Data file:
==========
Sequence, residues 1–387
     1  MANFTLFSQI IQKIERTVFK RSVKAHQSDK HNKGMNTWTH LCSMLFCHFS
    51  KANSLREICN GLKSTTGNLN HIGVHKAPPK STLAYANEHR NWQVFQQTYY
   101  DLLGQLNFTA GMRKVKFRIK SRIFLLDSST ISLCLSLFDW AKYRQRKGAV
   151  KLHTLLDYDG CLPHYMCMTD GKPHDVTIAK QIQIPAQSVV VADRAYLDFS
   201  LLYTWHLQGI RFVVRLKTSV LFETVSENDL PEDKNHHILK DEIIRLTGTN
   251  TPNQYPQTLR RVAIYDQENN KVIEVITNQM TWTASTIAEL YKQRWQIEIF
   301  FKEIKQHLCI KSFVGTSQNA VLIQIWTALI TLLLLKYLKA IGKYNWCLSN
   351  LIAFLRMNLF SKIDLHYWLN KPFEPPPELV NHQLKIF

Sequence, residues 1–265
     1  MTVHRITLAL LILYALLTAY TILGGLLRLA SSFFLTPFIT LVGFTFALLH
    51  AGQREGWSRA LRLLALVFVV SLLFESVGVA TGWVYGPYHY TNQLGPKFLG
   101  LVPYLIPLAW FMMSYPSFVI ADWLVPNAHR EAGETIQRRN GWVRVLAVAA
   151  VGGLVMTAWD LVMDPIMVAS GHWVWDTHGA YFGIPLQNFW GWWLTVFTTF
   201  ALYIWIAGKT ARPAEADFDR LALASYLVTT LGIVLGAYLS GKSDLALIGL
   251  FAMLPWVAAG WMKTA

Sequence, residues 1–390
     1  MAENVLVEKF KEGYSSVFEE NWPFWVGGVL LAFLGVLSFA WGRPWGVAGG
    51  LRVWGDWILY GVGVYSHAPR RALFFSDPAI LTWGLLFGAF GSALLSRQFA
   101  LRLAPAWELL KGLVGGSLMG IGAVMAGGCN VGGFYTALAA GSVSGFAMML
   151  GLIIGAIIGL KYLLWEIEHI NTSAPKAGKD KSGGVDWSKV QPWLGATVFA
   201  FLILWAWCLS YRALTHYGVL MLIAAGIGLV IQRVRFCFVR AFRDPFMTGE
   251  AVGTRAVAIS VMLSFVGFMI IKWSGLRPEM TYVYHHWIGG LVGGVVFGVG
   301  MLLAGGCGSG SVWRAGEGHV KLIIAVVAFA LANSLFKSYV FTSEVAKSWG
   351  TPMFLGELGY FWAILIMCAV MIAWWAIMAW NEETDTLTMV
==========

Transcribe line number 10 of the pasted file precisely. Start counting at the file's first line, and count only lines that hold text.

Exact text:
Sequence, residues 1–265